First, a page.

Yesterday I saw a tweet by Frank Scavo:
Chatting with a vendor about implementation cost to software license cost ratios.What followed next was somewhat of a diabate (sic) by me with Frank and Dennis Howlett.
Only today I found out I missed half of what Frank said, because I kept swapping between Twitter web and TweetDeck - Lessons Learned for me to never do that again while in the middle of a conv. Sorry Frank, you're an angel, given the benefit of hindsight, and I thought you were pretty OK even before that...
Back to the topic: there is a clear, direct and fairly linear relation between the initial cost of a product, and the additional cost(s) involved servicing it. In IT, every day life - everywhere.
I was painting the front of my house yesterday, thinking about this post. The brother of an old friend of mine used to "pose as professional painter" whenever he needed money. He'd go to big mansions, tell them they needed a paint job, and make them an offer. Usually, the people were glad and gave him the work
The secret to that? Asking a lot of money! "For a regular house, I'll ask 1% of what I estimate the house to be worth", he said. "If it's a bit more wood, I'll double, sometimes even triple that."
I was stunned. I always (I moonlighted a bit as jack-of-all-trades back in those days) used to estimate the work in hours and material, put in my rate et voila. Not him - he sometimes made 200 euro an hour just painting...
Ages ago, my wife went to the garage with our old car, and came back with a huge bill: double the then current value! The car was pretty old and had one, at most two years to live, and they installed a completely new exhaust pipe, brand new tires all over, and whatnot. I complained, but they didn't care. So I wrote a letter (yes it's really long ago) to the company's CEO, got a response and 60% off the price - he also agreed the cost of the service was too high given the value of the product itself
I bought myself a new laptop yesterday, a budget one costing less than 500 euro, for my new startup. A soon-to-be ex-colleague asked me on Twitter: "No SSD?" and I responded:
No, minimum required size would be 64 GB = 120 euro, being 1/4th extra. I'll put my swap mem on an SD, way cheaperThe (admittedly very sexy) hard disk would be 1/4th of the current price of my laptop! No way...
In big IT companies, there isn't much enthusiasm to be found for selling Open Source products. I always wondered about that, and asked around. I got always the same answer: "The software costs are so low that our sales tariff sticks out like a fly on the wall". Even when I tried "Yes but they would even make money given the fact that they hardly have to pay for the software!" I'd get that look - yes you're right but this is just how it is (viewed upon)...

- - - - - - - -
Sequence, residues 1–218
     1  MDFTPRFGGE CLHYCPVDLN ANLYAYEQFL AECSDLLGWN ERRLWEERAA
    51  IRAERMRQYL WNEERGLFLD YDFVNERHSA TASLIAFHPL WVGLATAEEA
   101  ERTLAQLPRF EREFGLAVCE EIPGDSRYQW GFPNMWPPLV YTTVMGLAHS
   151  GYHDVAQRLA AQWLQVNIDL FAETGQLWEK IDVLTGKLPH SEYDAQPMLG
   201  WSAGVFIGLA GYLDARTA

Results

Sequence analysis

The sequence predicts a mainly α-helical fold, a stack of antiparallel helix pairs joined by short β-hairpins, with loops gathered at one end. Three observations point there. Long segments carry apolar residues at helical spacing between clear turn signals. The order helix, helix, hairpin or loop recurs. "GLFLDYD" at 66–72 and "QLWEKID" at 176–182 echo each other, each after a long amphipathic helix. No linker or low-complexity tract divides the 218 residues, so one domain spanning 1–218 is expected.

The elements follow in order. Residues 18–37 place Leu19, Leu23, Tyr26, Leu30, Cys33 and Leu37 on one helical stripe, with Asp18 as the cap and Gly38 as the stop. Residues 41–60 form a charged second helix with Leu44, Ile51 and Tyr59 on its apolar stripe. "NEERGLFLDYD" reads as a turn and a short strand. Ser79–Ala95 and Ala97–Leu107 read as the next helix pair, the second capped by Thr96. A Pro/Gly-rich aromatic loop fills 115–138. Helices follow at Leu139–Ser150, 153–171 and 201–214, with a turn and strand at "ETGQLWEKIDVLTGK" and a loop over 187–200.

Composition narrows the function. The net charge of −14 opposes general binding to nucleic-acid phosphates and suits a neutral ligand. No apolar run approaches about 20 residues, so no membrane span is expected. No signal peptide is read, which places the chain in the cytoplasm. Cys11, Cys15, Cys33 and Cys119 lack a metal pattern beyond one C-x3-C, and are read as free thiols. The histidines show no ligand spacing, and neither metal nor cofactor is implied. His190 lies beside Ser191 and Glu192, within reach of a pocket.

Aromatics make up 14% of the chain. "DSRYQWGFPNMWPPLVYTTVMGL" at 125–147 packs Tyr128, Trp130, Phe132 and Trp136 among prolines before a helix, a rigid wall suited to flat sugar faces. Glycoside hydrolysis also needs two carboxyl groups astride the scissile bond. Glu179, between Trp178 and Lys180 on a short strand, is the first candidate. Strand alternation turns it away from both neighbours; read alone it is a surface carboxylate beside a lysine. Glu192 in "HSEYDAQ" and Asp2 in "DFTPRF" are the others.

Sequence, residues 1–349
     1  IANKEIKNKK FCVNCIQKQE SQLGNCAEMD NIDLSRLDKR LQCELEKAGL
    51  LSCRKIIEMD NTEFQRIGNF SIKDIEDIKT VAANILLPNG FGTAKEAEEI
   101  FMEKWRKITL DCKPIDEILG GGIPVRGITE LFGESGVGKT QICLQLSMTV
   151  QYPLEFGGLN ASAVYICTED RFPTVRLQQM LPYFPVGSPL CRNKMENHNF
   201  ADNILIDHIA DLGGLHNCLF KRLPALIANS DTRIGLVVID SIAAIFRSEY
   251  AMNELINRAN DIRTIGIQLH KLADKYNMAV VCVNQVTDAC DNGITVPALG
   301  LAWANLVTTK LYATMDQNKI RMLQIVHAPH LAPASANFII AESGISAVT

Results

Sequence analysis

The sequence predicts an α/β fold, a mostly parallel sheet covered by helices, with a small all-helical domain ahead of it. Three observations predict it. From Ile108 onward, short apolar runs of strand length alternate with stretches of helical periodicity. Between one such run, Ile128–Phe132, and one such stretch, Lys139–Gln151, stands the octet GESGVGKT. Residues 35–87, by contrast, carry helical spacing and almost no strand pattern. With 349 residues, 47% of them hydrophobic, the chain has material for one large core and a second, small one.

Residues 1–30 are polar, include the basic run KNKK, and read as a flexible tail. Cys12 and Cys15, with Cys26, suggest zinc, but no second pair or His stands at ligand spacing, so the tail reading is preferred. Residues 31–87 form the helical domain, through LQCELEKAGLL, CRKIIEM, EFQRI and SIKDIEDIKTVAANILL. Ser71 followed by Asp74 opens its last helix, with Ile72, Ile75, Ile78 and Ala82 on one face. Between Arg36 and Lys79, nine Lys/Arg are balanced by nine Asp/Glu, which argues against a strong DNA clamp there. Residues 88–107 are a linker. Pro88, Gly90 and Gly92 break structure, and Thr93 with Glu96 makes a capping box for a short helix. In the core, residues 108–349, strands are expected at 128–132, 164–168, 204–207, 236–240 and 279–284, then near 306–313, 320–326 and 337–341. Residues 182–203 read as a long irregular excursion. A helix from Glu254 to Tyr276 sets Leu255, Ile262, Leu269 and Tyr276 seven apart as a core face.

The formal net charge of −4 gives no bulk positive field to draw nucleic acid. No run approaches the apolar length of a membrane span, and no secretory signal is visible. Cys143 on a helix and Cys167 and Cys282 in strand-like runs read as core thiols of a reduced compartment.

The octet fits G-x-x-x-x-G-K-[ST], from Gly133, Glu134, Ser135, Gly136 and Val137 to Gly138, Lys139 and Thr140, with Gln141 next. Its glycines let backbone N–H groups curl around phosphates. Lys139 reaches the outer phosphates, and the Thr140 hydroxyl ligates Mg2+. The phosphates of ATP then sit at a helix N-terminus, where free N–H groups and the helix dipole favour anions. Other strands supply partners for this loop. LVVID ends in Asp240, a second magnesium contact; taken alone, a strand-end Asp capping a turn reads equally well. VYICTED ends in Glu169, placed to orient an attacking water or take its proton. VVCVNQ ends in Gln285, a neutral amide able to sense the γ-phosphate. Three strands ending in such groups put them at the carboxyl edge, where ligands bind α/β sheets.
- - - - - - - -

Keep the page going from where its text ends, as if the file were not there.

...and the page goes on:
In IT, there are socalled packages. SAP and Oracle are examples of those, and they "pre-cook" applications: HR, Financials, Call-centre, etcetera. I've always been a bit jealous of colleagues who worked with those applications because they have a higher salary, period. Which felt a bit frustrating because sure, they specialise, but heck, they also monoculture. When Baan died, most Baan expert "died" along with it, because it was all they could - which proved my point of the monoculture and the narrowness of their point of view
Still, they made more money than I did because the rates were higher - simple as that. Now why are the rates higher? Because the product is more expensive.
"It is a complex product" they say - that can't be the case, a package is supposed to be simple and save you time: that's why you pay upfront for functionality that's already there.
"We have to tailor-make it to the customer's needs" - big deal, that's what we COBOL / Java / .Net and whatnot people do every single day - and we're still cheaper
- In Switzerland, they fine relative to your income - that's why people don't mind getting a $290,000 speeding ticket
- Taxes are relative to your income
- Damage deposits are relative to the item price itself
- Down payments are relative to the total sum